Difference between revisions of "Taliaferro Building"

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[[Image:Image unavailable copy.jpg |thumb|right|Taliaferro Building<p>Constructed: 1893-1894</p>
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[[Image:B2079A4.jpg |thumb|right|Taliaferro Building<p>Constructed: 1893-1894</p>
<p>Renovations: 1914, 1932, 1936-1937</p><p>Demolished: 1967</p><p>[http://maps.google.com/maps?f=q&source=s_q&hl=en&geocode=&q=A+William+and+Mary%2FCampus+Center&sll=37.269942,-76.708845&sspn=0.007377,0.013797&gl=us&ie=UTF8&hq=&hnear=William+and+Mary%2FCampus+Center&ll=37.271662,-76.708839&spn=0.007803,0.013797&z=16 Map it for me]</p> Note: Location on map is approximate.]]
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<p>Renovations: 1914, 1932, 1936-1937</p><p>Renamed: Fine Arts Building, 1937<p>Demolished: 1967</p><p>[http://maps.google.com/maps?f=q&source=s_q&hl=en&geocode=&q=A+William+and+Mary%2FCampus+Center&sll=37.269942,-76.708845&sspn=0.007377,0.013797&gl=us&ie=UTF8&hq=&hnear=William+and+Mary%2FCampus+Center&ll=37.271662,-76.708839&spn=0.007803,0.013797&z=16 Map it for me]</p> Note: Location on map is approximate.]]
The '''Taliaferro Building''' was located on Jamestown Road across the street from the [[Brafferton]].  Plans for its construction were accepted by the Board of Visitors in 1893 and the building was named in honor of Confederate General William B. Taliaferro in recognition of his service to the College.
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The '''Taliaferro Building''' was located on Jamestown Road across the street from the [[Brafferton]] at the [[College of William and Mary]].  Plans for its construction were accepted by the Board of Visitors in 1893 and the building was named in honor of Confederate General [[William B. Taliaferro]] in recognition of his service to the College.
  
The building was constructed between 1893 and 1894 by E.W. Johnson of Newport News with Carpenter and Peebles of Norfolk as the architects.  The rooms of the second floor could be converted into suites of two rooms by means of partition doors.  An Alumni Banquet was held in the new Taliaferro Building on June 26, 1894.
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The building was constructed between 1893 and 1894 by E.W. Johnson of Newport News with Carpenter and Peebles of Norfolk as the architects.  The rooms of the second floor could be converted into suites of two rooms by means of partition doors.  An [[Alumni]] Banquet was held in the new Taliaferro Building on June 26, 1894.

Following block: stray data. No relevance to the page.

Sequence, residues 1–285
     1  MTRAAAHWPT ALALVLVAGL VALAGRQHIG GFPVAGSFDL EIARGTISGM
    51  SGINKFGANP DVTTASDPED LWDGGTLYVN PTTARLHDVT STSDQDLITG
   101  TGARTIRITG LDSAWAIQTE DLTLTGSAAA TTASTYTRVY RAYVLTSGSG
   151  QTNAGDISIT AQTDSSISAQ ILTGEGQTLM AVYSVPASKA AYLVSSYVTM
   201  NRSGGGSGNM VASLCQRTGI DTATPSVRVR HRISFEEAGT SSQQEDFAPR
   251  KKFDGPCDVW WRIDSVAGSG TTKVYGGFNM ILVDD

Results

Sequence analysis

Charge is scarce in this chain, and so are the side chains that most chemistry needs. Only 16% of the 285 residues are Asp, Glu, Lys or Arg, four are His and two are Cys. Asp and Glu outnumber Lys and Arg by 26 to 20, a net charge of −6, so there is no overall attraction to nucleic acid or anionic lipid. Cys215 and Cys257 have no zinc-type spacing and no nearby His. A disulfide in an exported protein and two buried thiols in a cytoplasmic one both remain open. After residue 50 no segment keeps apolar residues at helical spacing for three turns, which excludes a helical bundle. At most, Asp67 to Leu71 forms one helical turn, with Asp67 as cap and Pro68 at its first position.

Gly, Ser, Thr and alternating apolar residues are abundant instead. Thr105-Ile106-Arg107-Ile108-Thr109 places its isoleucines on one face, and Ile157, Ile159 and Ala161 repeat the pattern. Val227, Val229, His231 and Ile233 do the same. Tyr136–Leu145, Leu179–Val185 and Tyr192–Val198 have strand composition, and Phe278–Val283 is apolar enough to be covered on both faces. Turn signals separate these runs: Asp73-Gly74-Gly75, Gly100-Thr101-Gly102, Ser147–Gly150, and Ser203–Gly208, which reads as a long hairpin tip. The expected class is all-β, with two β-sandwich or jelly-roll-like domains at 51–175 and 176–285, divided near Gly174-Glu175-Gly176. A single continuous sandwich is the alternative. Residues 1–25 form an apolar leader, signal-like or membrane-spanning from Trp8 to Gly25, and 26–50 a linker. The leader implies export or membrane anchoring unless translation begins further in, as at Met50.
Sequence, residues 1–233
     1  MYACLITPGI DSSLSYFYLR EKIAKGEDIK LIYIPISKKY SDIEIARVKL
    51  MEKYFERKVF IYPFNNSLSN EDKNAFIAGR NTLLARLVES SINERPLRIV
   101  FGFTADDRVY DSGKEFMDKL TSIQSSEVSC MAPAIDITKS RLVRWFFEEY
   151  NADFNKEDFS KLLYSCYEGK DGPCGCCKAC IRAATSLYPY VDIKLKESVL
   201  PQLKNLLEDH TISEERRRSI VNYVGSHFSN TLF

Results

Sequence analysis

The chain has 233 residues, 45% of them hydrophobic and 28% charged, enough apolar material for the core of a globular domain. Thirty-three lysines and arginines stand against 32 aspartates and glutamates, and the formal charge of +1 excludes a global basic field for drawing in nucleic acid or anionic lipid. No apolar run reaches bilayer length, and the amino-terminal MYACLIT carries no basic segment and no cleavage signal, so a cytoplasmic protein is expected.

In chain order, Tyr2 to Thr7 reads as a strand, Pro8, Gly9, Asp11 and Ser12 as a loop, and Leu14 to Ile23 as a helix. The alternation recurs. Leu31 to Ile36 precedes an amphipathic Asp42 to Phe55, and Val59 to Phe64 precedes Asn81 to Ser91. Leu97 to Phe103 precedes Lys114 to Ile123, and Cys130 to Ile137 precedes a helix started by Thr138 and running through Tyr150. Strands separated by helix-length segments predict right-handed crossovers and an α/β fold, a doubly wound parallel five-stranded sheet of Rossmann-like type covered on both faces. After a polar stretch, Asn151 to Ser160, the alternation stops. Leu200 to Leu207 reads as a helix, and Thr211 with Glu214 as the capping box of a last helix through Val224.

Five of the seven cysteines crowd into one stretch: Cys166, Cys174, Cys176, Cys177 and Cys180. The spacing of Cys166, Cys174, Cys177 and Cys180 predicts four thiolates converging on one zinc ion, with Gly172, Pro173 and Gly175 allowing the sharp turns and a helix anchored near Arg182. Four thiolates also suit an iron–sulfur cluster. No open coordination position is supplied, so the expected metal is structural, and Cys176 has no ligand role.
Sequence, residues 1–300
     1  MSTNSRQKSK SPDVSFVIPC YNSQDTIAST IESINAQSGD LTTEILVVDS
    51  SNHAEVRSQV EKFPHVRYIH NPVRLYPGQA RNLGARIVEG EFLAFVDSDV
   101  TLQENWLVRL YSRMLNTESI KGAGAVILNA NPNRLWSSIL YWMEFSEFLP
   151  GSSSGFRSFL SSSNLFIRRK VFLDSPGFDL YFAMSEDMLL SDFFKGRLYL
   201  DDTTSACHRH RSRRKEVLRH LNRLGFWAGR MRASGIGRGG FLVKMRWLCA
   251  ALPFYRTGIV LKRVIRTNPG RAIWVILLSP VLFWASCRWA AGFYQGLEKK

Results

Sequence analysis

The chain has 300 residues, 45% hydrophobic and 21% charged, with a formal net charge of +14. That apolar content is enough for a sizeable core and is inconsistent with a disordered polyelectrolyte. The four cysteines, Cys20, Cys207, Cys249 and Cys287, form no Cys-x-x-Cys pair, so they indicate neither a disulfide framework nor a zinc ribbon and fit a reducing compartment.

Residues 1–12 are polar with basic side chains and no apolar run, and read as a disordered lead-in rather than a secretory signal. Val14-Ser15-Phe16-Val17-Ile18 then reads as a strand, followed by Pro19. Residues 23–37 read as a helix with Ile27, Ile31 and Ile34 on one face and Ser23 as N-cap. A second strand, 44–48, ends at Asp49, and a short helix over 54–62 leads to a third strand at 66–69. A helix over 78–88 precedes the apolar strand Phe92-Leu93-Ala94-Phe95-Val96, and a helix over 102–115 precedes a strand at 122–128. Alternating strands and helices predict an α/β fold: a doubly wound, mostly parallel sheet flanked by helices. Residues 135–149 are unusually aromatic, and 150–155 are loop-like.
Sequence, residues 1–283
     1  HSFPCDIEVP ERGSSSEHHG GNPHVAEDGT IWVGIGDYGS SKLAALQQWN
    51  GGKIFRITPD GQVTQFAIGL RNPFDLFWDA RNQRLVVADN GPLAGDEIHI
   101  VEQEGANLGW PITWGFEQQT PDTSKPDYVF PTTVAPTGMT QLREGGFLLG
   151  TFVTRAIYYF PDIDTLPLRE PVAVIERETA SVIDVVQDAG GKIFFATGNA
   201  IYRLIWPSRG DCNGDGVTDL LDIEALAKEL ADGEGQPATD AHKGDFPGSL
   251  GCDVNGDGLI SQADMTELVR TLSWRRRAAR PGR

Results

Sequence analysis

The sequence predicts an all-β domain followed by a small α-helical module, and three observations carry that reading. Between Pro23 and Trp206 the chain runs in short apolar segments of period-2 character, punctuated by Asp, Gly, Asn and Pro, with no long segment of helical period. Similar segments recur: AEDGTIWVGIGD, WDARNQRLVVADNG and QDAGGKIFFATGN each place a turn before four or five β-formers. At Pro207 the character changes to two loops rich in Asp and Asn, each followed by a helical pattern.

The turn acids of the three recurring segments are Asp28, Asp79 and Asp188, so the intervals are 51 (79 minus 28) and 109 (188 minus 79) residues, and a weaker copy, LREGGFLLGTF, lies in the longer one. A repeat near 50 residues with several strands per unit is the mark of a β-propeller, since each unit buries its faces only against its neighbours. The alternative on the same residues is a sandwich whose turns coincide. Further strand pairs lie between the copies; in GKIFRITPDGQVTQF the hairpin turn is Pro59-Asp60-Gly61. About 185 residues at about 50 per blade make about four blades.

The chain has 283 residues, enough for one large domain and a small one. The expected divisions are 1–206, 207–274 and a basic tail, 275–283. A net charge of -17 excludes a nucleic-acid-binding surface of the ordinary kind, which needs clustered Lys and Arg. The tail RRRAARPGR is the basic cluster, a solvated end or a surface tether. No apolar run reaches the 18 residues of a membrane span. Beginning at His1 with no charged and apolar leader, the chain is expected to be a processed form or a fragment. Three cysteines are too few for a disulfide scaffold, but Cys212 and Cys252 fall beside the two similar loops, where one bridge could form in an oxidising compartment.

In 1905 the dining hall was moved to [[Ewell Hall]]. In 1914 the [[College of William and Mary]] received $5,300 from the Virginia legislature for improvement on the Taliaferro Building.  After running water was installed in each room and a bathroom was built in the basement, Tallfiero became a dormitory.
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In 1905 the dining hall was moved to [[Ewell Hall]]. In 1914 the [[College of William and Mary]] received $5,300 from the Virginia legislature for improvements to the Taliaferro Building.  After running water was installed in each room and a bathroom was built in the basement, Tallfiero became a dormitory.
  
The building was once again renovated and used for administrative offices and the Music Department in 1932.  It also housed offices of the deans, the registrar, the treasurer, and the Flat Hat.  Administrative offices moved to Marshall-Wythe Hall (now known as [[James Blair Hall]]) in 1935 while the Music Department and student publications remained in the Taliaferro Building.
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The building was once again renovated and used for administrative offices and the [[Music Department]] in 1932.  It also housed offices of the deans, the registrar, the treasurer, and the ''[[Flat Hat]]''.  Administrative offices moved to Marshall-Wythe Hall (now known as [[James Blair Hall]]) in 1935 while the Music Department and student publications remained in the Taliaferro Building.
  
The Taliaferro Building underwent extensive renovations between 1936 and 1937 to become the Fine Arts Building.  The first floor was used for sculpture and stage design.  The second floor housed a library, a print room, offices, and a theatre.  The third floor had a painting studip with a skylight forming most of the roof.  The Fine Arts Building was designed by Department Chair Leslie Cheek, Jr. Instructor Theodore Rust built a two-story fountain titled, "Art is Long, Life is Short." The stairs wound around the glass-enclosed fountain with water running from the top through various levels and ending in a fish pool on the first floor. The building was opened with a reception on February 27, 1937.[http://swem.wm.edu/beta/flathat/issues/fh19370223.pdf]
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The Taliaferro Building underwent extensive renovations between 1936 and 1937 to become the Fine Arts Building.  The first floor was used for sculpture and stage design.  The second floor housed a library, a print room, offices, and a theatre.  The third floor had a painting studio with a skylight forming most of the roof.  The Fine Arts Building was designed by Department Chair [[Leslie Cheek]], Jr. Instructor Theodore Rust built a two-story fountain titled, "Art is Long, Life is Short." The stairs wound around the glass-enclosed fountain with water running from the top through various levels and ending in a fish pool on the first floor. The building was opened with a reception on February 27, 1937.[http://swem.wm.edu/beta/flathat/issues/fh19370223.pdf]